Armed with the generosity of Boulder County and hard-working elves, a.k.a, volunteers, Share-A-Gift collects and distributes donated bikes, toys, books and clothing to cheer more than 650 families and 1,800 children who live in the Boulder Valley School District. Donations not distributed through Share-A-Gift this year will be given to other charities serving additional families and children in Colorado.

Through this extended charity, nearly 2,000 children in total received gifts from Share-A-Gift this year.

“Share-a-Gift is a wonderful example of how the people in our community support each other,” says Todd Gullette, a past-president and current board member of Share-A-Gift, and managing broker at RE/MAX of Boulder.

He’s referring to the regular folks, professionals, the city of Boulder police department, schools, clubs, and organizations who come together to bring the magic of Christmas to those who might otherwise be overlooked.

RE/MAX of Boulder lobby filled with presents generously donated by Realtors, clients, staff, and friends.

RE/MAX of Boulder is a proud supporter of Share-A-Gift. Each year, RE/MAX of Boulder encourages donations of presents for Share-A-Gift in its lobby. These gifts are generously donated by RE/MAX of Boulder Realtors, staff, clients, and friends. Among those are Realtor Patrick Dolan and his team. RE/MAX of Boulder volunteers who also help coordinate the organization’s logistics, transport donations, and work at the Share-A-Gift Toy Shoppe include Managing Broker Todd Gullette, Realtor Mary Arnold Grow, Realtor Lisa Wade, Boulder Property Network Team members including Debbie Duggan, Kelsey Jensen, and staff member Stephanie Wickstrom.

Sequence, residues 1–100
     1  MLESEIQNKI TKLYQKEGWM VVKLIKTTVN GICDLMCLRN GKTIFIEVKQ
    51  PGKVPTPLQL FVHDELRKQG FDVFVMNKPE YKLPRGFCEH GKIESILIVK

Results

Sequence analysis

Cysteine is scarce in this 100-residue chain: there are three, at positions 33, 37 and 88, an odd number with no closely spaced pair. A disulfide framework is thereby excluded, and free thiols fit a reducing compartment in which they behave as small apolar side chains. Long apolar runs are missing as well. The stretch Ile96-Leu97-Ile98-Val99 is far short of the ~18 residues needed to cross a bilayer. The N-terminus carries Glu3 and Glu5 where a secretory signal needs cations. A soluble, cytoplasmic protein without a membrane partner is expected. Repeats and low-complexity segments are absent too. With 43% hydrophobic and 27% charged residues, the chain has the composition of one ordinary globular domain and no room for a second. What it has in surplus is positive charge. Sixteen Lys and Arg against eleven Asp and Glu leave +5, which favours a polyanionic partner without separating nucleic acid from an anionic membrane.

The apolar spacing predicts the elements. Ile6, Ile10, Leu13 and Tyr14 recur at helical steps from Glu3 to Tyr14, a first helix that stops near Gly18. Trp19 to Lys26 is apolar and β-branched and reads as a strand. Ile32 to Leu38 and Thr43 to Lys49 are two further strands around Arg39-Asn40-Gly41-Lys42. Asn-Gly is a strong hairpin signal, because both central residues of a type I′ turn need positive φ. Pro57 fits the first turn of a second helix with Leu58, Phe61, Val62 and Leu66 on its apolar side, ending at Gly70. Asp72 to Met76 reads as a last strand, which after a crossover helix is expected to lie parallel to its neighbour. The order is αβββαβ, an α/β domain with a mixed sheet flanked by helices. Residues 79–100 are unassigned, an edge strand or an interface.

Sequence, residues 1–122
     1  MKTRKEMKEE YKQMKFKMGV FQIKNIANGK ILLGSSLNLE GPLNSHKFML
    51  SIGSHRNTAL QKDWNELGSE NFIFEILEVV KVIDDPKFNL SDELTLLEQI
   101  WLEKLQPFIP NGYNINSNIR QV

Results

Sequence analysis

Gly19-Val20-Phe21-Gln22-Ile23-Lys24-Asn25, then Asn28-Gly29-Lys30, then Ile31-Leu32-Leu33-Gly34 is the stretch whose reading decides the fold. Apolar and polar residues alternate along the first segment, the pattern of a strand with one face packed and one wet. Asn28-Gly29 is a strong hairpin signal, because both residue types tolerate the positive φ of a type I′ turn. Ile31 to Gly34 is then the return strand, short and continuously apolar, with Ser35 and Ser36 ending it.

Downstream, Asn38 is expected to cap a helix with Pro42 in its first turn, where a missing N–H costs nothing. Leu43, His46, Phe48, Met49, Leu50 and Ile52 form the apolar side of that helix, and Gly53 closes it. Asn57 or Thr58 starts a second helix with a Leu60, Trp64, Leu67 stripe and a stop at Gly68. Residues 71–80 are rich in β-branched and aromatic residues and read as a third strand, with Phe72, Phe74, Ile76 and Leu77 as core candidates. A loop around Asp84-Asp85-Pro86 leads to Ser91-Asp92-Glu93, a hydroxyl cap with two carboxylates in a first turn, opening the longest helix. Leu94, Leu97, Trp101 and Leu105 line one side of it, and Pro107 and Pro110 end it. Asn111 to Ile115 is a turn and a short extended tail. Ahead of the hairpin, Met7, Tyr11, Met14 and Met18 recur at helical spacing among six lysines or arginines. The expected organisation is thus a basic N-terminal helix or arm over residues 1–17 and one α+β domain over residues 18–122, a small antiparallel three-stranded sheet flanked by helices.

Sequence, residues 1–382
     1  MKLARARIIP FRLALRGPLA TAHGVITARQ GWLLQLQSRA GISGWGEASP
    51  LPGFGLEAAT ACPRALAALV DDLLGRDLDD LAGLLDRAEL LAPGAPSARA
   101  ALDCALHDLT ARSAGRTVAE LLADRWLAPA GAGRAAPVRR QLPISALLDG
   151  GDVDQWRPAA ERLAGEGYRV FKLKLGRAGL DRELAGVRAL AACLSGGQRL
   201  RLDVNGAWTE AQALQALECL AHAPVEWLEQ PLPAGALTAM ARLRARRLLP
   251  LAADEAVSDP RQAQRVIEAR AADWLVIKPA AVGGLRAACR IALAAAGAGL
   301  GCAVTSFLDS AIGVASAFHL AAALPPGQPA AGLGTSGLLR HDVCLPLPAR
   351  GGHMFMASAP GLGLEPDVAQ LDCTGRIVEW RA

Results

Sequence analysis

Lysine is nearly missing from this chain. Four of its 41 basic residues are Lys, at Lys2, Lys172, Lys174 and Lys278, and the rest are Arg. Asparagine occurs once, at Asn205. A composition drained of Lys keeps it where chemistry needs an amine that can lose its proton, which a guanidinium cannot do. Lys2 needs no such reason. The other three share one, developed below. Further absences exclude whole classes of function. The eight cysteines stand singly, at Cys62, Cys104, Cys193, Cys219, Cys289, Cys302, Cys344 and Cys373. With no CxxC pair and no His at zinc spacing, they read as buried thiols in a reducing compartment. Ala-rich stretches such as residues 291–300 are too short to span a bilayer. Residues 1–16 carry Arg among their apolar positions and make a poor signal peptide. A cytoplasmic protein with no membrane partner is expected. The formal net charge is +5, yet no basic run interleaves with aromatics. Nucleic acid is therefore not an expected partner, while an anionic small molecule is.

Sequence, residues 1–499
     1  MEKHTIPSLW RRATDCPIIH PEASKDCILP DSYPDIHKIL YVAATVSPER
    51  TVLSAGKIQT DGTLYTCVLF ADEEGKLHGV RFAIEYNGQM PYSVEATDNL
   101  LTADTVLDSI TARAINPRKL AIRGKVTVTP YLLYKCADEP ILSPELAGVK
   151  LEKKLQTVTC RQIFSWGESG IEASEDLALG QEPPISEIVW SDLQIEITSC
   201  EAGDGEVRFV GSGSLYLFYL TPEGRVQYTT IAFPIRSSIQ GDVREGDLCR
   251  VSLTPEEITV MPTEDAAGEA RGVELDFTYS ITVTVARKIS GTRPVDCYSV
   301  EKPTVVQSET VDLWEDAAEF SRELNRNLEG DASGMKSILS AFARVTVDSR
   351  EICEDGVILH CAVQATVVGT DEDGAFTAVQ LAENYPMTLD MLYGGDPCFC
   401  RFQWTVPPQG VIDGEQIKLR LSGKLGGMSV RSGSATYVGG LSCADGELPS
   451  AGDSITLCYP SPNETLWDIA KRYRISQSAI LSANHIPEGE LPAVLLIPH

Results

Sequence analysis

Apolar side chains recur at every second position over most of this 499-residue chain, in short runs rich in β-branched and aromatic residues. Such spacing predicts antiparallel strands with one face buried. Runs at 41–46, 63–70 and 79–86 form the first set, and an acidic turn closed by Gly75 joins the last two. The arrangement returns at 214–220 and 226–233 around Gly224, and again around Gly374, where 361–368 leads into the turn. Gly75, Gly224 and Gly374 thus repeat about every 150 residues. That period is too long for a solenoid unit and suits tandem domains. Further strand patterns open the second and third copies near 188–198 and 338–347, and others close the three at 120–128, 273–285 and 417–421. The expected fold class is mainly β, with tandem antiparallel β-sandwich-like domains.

To add to the bounty, 100 Women Who Care members donated $10,000 to Share-A-Gift this year. RE/MAX of Boulder Realtors Kimberly Fels, Linda Nehls, and Lisa Wade belong to this local group of inspiring women, which raise funds for Boulder nonprofits.

Todd Gullette says, “We are so thankful to have the involvement of our community as we support families that truly need our help. Among our many partners and contributors this year, we have been very excited that the wonderful folks at the Can’d Aid Foundation supported us, and we partnered with Boulder’s Bridge House to spread some great cheer to their organization. There will be many happy families this year.”

For more information visit shareagift.org or 100womenwhocare.net.

Posted by Tom Kalinski Founder RE/MAX of Boulder on Wednesday, January 3rd, 2018 at 9:44am.

Published in the Daily Camera’s At Home section on December 29, 2017

Posted on January 18, 2018 at 9:41 am
Jay Kalinski | Category: RE/MAX of Boulder | Tagged , , , , , , , , , , , ,